As I dive into the mayor’s proposed 2012 budget, one thing is clear: We need to pass Prop. 1.
We are looking at $300,000 in cuts to bicycle and pedestrian spot improvements, and it is unclear how long SDOT will leave Gina Coffman’s vacated position within the bicycle program unfilled (passing her work onto an already overworked staff). Coffman, who was in charge of projects like marking signed bike routes and more, left months ago for personal reasons.
Proposition 1 will restore this funding and then some. It will pump millions of dollars per year into pools that can be used for neighborhood traffic calming, the creation of neighborhood greenways and projects that will update our city’s streets to designs that have proven to save lives for all road users, whether they are in a car, on foot or on a bike.
It will restore bicycle and pedestrian spot improvements that make our city safer and ensure that when you get to your destination, you will have somewhere secure to lock your bike that does not block pedestrian or ADA access to our precious sidewalk space.
Ideas of what transit improvements could come from Prop. 1 are also developing in really exciting ways. For example: Imagine Metro’s 48 as an electric trolley bus from Mount Baker station to the UW. Now, imagine that it actually runs on time (it’s called the forty-late for a reason). For anyone who uses that bus (the most popular route in King County), that’s an inspiring vision (see more on that idea from Bruce Nourish at Seattle Transit Blog).
The investments in transit efficiency are permanent. You speed up a route once using infrastructure, and you save that time and those operating hours forever.
These investments make transit and biking more useful and more of a viable alternative to driving for more trips in our city. They are investments in a healthier and more lively Seattle.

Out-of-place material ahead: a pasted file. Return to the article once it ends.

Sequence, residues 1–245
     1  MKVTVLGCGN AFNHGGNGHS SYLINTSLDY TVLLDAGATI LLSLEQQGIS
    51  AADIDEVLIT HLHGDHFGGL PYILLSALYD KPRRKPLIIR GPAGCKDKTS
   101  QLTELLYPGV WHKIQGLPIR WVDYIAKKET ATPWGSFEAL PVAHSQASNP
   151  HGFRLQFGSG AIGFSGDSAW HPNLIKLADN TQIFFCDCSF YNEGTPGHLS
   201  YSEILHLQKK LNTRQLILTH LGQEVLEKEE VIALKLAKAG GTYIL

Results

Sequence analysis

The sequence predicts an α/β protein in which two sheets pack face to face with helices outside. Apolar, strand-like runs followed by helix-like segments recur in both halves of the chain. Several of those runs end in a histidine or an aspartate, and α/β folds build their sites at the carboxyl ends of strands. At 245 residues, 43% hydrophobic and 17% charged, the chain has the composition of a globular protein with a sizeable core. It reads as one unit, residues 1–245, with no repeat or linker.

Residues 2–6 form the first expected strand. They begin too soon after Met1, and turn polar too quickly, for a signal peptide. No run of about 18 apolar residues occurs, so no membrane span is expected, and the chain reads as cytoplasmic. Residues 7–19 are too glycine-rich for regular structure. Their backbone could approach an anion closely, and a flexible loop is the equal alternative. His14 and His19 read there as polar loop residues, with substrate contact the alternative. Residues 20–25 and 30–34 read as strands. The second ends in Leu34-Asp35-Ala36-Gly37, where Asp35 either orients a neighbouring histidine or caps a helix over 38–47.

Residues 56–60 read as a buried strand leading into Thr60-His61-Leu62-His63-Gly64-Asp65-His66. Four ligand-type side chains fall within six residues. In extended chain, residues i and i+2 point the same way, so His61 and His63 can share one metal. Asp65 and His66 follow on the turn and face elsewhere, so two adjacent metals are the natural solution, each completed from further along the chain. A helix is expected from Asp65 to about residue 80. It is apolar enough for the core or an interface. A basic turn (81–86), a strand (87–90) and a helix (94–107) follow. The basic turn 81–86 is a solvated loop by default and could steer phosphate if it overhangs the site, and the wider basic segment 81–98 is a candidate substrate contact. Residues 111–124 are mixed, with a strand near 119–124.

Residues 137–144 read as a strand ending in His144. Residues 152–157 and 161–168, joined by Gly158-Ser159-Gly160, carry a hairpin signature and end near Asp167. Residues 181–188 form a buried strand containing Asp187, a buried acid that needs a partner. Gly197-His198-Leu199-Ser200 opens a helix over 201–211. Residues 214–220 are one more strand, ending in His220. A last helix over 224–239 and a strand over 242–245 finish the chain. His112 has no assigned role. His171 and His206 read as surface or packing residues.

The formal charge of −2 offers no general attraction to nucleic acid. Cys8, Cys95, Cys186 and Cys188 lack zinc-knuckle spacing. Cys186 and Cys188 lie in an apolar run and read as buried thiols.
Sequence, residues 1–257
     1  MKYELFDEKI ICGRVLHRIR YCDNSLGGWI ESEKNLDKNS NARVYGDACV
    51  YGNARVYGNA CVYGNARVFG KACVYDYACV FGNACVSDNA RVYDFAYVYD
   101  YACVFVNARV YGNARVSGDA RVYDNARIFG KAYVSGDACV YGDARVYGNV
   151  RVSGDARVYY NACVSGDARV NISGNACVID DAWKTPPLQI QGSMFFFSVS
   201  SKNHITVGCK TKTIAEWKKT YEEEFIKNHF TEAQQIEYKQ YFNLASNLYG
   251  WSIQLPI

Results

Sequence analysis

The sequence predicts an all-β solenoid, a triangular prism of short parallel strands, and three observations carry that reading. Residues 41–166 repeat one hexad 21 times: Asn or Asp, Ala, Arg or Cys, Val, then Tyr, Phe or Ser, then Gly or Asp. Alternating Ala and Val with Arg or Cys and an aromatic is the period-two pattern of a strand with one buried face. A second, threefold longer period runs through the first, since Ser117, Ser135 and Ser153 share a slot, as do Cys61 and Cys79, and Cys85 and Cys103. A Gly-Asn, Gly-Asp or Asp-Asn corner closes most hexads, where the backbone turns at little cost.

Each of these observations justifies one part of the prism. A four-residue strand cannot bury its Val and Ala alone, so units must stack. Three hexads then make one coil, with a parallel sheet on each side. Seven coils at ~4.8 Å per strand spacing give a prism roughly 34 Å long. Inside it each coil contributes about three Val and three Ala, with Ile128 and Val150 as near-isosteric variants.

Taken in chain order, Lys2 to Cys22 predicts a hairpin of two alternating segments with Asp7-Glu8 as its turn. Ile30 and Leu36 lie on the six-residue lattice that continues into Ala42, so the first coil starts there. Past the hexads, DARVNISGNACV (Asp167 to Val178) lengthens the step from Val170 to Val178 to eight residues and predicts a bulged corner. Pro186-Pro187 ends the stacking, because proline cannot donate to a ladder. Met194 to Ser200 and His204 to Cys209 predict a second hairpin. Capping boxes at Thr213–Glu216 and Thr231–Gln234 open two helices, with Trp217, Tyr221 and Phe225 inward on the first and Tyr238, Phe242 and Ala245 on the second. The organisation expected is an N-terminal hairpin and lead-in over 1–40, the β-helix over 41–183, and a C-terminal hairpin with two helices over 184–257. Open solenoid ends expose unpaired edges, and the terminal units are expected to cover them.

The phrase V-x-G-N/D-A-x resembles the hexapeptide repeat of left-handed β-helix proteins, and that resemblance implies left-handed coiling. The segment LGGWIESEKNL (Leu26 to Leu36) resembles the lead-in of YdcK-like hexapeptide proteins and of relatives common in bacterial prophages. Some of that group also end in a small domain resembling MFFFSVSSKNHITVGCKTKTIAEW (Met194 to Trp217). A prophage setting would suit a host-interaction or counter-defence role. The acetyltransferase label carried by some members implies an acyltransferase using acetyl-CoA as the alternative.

The best argument against the Proposition is that a vehicle license fee is a regressive tax. This is true. Unfortunately, the state has unwisely taken away funding options that are more fair, such as a vehicle excise tax based on the car’s value. The council is working on a rebate program for low-income residents who will be hit disproportionately by a flat-rate fee. I hope they can create a program that will work.
But we are only talking about the cost of one and a half tanks of gas (one if you have a big SUV) per year per vehicle in Seattle. Instead of investing $60 in something to be burned in a few days, this plan will make investments that save lives and forever increase transit efficiency in our city.
Show your support by endorsing Prop. 1 online.
But if you feel even more strongly, Streets for All Seattle is working hard to gather a team of volunteers to spread the message of transit efficiency and safe streets to people all over Seattle. They need your help. Even if it is just three hours a week, it will make a huge difference in the campaign.
You can simply show up to any of the volunteer opportunities below. If you want to make your arguments stronger, the volunteer training is a useful opportunity to learn how to tell your story, but it is not required. Email Max Hepp-Buchanan at email@example.com to RSVP or if you have any questions about volunteering.
From Streets for All:
We are hosting phone banks four nights a week (Monday through Thursday) from 5:30pm to 8:30pm at the Futurewise office (814 2nd Ave, Suite 500) from now until Election Day. Anybody is welcome to attend and refreshments are provided.
We also have available shifts to pass out Prop 1 fliers at transit stops across the city with a team of people. We typically do this Monday through Thursday from about 4pm to 6pm and meet in Marion Court at the corner of 3rd Ave and Marion St at 3:30pm. Again, anybody is welcome to come help out.
*Special event this week: Volunteer training on Thursday, September 29, from 5:30pm to 7:30pm at the SvR Design office (1205 Second Avenue, Suite 200 Seattle). This is a great opportunity to learn how to effectively tell your story about why approving Prop 1 and funding transportation improvements are important to you.
*Special event this week: Volunteer happy hour at Fado Irish Pub (801 1st Ave) Friday, September 30 from 4:30pm to 6:30pm. Come check in about the campaign, share stories, and blow off steam. Everybody is welcome, including those that haven’t yet volunteered. This is a good opportunity to get involved and meet others that are working hard for a better transportation future for Seattle.